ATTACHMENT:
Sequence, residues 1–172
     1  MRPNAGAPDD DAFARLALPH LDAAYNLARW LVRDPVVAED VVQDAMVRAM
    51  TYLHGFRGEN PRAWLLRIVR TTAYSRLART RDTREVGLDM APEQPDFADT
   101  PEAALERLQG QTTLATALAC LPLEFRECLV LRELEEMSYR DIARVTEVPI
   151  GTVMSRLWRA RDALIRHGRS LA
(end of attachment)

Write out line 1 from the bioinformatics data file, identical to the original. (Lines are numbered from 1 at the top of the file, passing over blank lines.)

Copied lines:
Sequence, residues 1–172